Although the device, as shown has no on-board current monitoring circuit, input voltage protection or AC mains capacity, which are well known in the art, may be included to provide these functions without substantially increasing the cost, size or weight. Similarly, indicators such as meters and LEDs (means for indicating the output voltage) may be added without changing the basic core of the present system. Of course, although in the arrangement shown a single rail system is used to supply power to the various elements, a dual rail system may also be used. For example, rather than having the op amps powered by the battery and ground, the op amps in the power supply may be powered by both positive and negative voltages.

Additionally, the DC-DC converters 2210 and 2310, as well as any other components in the voltage sources 2200 and 2300 may be modular. Thus, the components may be mounted in a socket rather than soldered onto the PCB, and as a result, may be swapped within a single circuit design.

Detection Circuit

Conventional amperometric detection circuits use three electrodes for detection of the sample. The three detection electrodes include a counter electrode (also referred to as an auxiliary electrode), a reference electrode, and a work electrode. The work electrode detects the oxidation or reduction current taking place due to the voltage potential between the work electrode and the solution surrounding the work electrode. The voltage potential is referred to as the “work electrode applied potential” or “Vapp”. The work electrode applied potential is established by a control circuit (referred to as a potentiostat) driving the auxiliary electrode and controlled by the reference electrode.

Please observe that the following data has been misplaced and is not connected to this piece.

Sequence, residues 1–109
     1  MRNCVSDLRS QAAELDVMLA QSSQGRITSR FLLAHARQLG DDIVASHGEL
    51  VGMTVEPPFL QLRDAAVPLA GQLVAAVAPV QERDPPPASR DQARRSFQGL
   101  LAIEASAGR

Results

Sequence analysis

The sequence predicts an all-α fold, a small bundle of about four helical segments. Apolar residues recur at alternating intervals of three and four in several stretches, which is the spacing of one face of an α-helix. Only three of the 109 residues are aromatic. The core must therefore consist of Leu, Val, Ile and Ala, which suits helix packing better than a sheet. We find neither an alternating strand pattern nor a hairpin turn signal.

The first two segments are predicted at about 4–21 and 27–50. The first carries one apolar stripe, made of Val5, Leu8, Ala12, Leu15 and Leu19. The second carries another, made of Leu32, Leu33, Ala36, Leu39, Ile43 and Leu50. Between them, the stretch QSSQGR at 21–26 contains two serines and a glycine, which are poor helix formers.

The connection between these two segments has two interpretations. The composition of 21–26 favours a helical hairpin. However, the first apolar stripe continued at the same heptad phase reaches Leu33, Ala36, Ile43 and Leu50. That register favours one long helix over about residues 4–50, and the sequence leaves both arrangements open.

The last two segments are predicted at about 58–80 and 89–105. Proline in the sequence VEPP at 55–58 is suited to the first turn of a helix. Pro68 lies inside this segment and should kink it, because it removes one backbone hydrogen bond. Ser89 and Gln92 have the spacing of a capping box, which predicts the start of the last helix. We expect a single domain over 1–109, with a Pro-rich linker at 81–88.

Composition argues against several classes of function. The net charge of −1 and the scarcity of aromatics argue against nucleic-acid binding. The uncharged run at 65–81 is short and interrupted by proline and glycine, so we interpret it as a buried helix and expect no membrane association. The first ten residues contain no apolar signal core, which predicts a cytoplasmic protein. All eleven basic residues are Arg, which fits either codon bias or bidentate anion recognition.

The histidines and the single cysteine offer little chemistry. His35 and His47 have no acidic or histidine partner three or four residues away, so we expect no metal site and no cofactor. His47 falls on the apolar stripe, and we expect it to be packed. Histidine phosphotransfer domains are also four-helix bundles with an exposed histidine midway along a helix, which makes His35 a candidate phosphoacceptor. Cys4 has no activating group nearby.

When amperometric detection is combined with the capillary electrophoresis technique of separation, the detection electrodes are often placed at the end of the capillary. Since an electrical current must flow through the capillary for electrophoresis to take place, a CE electrode is also placed near the end of the capillary resulting in a total of four electrodes at the detection end of the capillary. The CE voltage source and detection circuits are typically isolated by using transformers or other isolation techniques included optical coupling. Isolation complicates circuit and overall instrument design.

The present invention includes a three electrode design in which the auxiliary electrode also functions as the CE electrode. This three electrode configuration uses no isolation between the detection and CE circuits allowing the circuits to share a common ground resulting in a simple circuit design with fewer components and with low power requirements.

FIG. 12 illustrates an electrode configuration 3100 in which a single CE-Aux electrode 3102 acts as both the auxiliary electrode and CE cathode. In one embodiment, the work electrode 3108 (also shown as electrode 121 b in FIG. 4A) is disposed close to the separation capillary 115 and the reference electrode 3106 (also shown as electrode 121 a in FIG. 4A) is placed near the work electrode 3108 so that the potential of the solution surrounding the work electrode 3108 can be accurately determined. The combination CE-auxiliary electrode 3102 is positioned away from the work and reference electrodes at a distance typically greater that the distance of the work to reference electrode separation.

To prevent the reference electrode 3106 from influencing the solution potential and to prevent electrochemistry reactions caused by the reference electrode, the reference electrode is also connected to the input of the potentiostat circuit 3452 through a high impedance buffer amplifier. In one embodiment, the reference electrode 3106 may be connected to a high impedance op amp 3112 whose output is connected to a second op amp 3118. The output of the second op amp 3118 is then connected with the CE-Aux electrode 3102 and provides the voltage for the CE-Aux electrode 3102 from a reference input.